Welsh form of LAURA.
LUANAfEnglish, Italian, Portuguese
From the movie 'Bird of Paradise' (1932), in which it was borne by the main character, a Polynesian girl. The movie was based on a 1912 play of the same name set in Hawaii.
LUANNfEnglish
Either a combination of LOU and ANN or a variant of LUANA. It was popularized in the 1950s by the singer Lu Ann Simms (1933-2003).
LUANNAfEnglish (Rare)
Either a combination of LOU and ANNA or a variant of LUANA.
LUANNEfEnglish
Variant of LUANN.
ĽUBAfSlovak
Slovak form of LJUBA.
LUBAfRussian, Ukrainian
Variant transcription of LYUBA.
ĽUBICAfSlovak
Slovak form of LJUBICA.
LUBNAfArabic
Means "storax tree" in Arabic. According to a 7th-century legend Lubna and Qays were a couple forced to divorce by Qays's father.
LUCA (2)fHungarian, Croatian
Hungarian and Croatian form of LUCIA.
LUCASTAfLiterature
This name was first used by the poet Richard Lovelace for a collection of poems called 'Lucasta' (1649). The poems were dedicated to Lucasta, a nickname for the woman he loved Lucy Sacheverel, who he called lux casta "pure light".
LUCEfItalian, French
Italian and French variant of LUCIA. This also means "light" in Italian.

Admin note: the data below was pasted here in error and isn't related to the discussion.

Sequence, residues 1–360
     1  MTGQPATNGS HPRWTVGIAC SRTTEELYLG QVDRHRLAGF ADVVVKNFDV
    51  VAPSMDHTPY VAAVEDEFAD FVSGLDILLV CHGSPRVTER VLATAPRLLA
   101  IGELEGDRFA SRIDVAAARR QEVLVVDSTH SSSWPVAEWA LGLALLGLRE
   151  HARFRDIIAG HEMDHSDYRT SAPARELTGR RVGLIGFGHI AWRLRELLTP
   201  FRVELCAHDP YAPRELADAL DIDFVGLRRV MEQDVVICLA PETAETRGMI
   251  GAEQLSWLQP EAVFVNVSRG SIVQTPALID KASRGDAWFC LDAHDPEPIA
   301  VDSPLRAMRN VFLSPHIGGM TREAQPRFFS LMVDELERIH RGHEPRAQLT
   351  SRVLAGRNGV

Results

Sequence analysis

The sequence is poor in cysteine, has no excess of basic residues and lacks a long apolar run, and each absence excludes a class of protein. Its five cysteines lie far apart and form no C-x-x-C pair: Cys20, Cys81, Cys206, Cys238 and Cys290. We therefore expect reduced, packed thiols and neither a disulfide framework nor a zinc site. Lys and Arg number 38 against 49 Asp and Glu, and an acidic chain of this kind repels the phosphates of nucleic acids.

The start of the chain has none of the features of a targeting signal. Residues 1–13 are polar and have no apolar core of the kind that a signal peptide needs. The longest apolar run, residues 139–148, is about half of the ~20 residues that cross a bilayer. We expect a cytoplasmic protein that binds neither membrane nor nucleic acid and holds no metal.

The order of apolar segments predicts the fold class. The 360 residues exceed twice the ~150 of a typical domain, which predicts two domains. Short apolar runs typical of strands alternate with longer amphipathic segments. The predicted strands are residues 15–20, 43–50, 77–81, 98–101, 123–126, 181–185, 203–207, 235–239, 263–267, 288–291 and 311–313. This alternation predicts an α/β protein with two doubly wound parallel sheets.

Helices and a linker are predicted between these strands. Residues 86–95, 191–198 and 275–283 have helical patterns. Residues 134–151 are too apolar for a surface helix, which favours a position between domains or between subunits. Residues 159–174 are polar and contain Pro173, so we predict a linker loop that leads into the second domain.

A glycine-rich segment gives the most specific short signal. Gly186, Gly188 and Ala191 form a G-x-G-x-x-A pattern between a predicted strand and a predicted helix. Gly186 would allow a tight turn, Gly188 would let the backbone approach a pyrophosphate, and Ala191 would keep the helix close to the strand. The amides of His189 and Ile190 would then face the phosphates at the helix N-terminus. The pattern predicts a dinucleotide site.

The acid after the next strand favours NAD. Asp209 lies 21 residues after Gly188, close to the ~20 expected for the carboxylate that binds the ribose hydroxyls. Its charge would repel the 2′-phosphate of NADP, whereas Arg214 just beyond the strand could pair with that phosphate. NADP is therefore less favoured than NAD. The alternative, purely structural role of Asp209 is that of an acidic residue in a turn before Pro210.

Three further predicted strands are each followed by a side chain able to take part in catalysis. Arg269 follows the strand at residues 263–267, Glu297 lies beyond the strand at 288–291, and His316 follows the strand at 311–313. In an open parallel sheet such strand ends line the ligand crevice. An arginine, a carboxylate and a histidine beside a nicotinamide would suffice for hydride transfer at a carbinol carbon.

LUCETTAfItalian
Diminutive of LUCE. Shakespeare used this name for a character in his play 'The Two Gentlemen of Verona' (1594).
LUCETTEfFrench
Diminutive of LUCIE.
LÚCIAfPortuguese
Portuguese form of LUCIA.
LUCÍAfSpanish
Spanish form of LUCIA.
LUCIAfItalian, German, English, Swedish, Norwegian, Danish, Romanian, Slovak, Ancient Roman
Feminine form of LUCIUS. Saint Lucia was a 4th-century martyr from Syracuse. She was said to have had her eyes gouged out, and thus she is the patron saint of the blind. She was widely revered in the Middle Ages, and her name has been used throughout Christian Europe (in various spellings). It has been used in the England since the 12th century, usually in the spellings Lucy or Luce.
LUCIEfFrench, Czech
French and Czech form of LUCIA.
LUCIENNEfFrench
Feminine form of LUCIEN.
LŪCIJAfLatvian
Latvian form of LUCIA.
LUCIJAfSlovene, Croatian
Slovene and Croatian form of LUCIA.
LUCILAfSpanish
Spanish form of LUCILLA.
LUCÍLIAfPortuguese
Portuguese feminine form of LUCILIUS.
LUCILIAfAncient Roman
Feminine form of LUCILIUS.
LUCILLAfItalian, Ancient Roman
Latin diminutive of LUCIA. This was the name of a 3rd-century saint martyred in Rome.
LUCILLEfFrench, English